A Laminar Flow Hood is large equipment that regulates air flow, especially of contaminated air. They are used in research centers and hospitals and they protect researchers or users from a harmful or toxic environment. Almost all biological laboratories will have one of these hoods as they handle compounds that are sensitive and need an environment that is devoid of contaminants and toxic particles. The Laminar Flow Hoods are designed in a way that the cleanest area is near the face of the filter through which air flows in.
There are two types of Laminar Hoods in the market – VerticalLaminar Flow Hoods and the Horizontal Laminar Flow Hoods. The selection of these units is based on clearance requirements, the design of the work surface, operator safety and process location.
How to choose the correct equipment?
Vertical Laminar Hoods
If the application needs space for larger equipment on the work surface, then the vertical hood is best. It does not create as much turbulence when air hits items in its path. This is quite opposite to a horizontal hood.
If you are going to use fine powders or will be soldering something, then vertical hoods must be chosen. Vapours from soldering can be toxic because of acidic fumes and metal oxides from flux. In such a case a vertical hood is better than a horizontal one as it doesn’t blow air directly onto the user’s face.
A Vertical Laminar Hoods provides a larger and taller workspace as the filters are positioned on top. The filters don’t eat into space for working and a greater height is available.
The air is pulled from the top and a fan pushes it through the filters into the enclosure. The filter is on the top and may require a ladder for access. The plenum at the back will facilitate air recirculation, thereby reducing the quantity of contaminated air from passing through the filter again. The exhausted and filtered air can exit through the enclosure.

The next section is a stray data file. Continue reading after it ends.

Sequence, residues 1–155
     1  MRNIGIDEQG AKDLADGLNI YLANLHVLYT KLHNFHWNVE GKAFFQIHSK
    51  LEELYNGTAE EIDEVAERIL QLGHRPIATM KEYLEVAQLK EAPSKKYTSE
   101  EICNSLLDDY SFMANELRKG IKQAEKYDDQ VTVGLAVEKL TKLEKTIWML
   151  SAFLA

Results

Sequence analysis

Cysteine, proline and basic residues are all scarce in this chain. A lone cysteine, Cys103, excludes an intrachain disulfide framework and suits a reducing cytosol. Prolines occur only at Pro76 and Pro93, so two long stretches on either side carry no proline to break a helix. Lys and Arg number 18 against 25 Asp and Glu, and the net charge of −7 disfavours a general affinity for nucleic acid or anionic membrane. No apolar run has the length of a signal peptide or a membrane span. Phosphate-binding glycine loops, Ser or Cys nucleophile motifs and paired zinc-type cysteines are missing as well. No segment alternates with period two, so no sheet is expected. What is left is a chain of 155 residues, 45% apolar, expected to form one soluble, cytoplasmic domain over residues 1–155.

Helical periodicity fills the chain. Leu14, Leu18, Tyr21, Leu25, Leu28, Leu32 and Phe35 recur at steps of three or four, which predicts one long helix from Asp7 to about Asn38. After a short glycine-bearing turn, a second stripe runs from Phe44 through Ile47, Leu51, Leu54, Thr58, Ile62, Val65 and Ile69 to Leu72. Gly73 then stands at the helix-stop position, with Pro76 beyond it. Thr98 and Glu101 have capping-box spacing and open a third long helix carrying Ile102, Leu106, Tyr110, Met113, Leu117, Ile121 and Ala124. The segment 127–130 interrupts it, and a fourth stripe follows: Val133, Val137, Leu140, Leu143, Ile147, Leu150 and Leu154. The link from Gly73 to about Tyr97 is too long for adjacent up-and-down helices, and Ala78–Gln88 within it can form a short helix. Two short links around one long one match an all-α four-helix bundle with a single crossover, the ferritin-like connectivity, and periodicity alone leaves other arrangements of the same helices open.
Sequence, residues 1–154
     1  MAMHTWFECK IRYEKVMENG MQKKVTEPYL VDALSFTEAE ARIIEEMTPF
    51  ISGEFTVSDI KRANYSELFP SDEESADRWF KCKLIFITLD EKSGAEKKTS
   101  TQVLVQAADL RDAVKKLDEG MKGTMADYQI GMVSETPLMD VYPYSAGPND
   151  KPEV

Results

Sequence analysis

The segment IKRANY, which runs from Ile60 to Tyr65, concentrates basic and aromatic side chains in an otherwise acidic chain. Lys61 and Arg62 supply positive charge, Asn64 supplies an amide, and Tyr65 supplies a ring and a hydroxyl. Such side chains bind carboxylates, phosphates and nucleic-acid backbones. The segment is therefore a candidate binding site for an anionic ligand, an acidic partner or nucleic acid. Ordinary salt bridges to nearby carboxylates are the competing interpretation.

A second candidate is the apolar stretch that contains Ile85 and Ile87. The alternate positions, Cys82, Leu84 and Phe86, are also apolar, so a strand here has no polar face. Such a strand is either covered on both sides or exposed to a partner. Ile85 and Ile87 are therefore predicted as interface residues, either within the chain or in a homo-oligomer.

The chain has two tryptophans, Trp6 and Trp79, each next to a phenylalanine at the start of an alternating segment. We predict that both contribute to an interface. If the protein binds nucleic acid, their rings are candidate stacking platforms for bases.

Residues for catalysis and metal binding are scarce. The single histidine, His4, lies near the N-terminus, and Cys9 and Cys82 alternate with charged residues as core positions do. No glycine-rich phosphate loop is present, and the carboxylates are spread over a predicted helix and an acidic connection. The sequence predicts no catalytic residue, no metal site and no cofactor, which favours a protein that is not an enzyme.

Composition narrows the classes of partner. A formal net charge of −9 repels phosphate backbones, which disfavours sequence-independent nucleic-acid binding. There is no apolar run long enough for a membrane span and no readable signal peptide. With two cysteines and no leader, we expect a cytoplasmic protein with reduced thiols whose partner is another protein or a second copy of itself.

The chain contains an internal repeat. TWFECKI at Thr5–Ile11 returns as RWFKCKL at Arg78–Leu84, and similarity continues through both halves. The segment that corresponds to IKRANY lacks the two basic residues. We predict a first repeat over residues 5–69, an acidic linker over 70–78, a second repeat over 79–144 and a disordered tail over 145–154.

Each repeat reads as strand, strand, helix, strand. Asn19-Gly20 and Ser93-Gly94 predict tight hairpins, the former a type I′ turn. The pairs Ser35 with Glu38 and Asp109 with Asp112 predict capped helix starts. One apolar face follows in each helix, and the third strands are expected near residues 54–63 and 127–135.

Any particles that settle at the bottom of the device get swept out with the airflow, but the same cannot be said for a horizontal hood, as the air pressure wouldn’t be same.
Horizontal Laminar Hoods
This type of hood ensures lesser turbulence on the work surface area. The horizontal hood may not hit any obstructing item until usually exiting the hood.
Small equipment or items must be used in the horizontal hood as larger equipment in this, tend to cause more turbulence.
The chances of contamination are lesser as items like gloves are positioned further downstream, thus allowing purified air to decontaminate items in its path before hitting the gloves.
The ambient air is pulled in from the back part of the unit, while a module pushes it through the filters. There are air slots on the side in order to minimize turbulence over the work surface. The contaminants can get blown onto the user’s face. The air then exits the enclosure back into the room.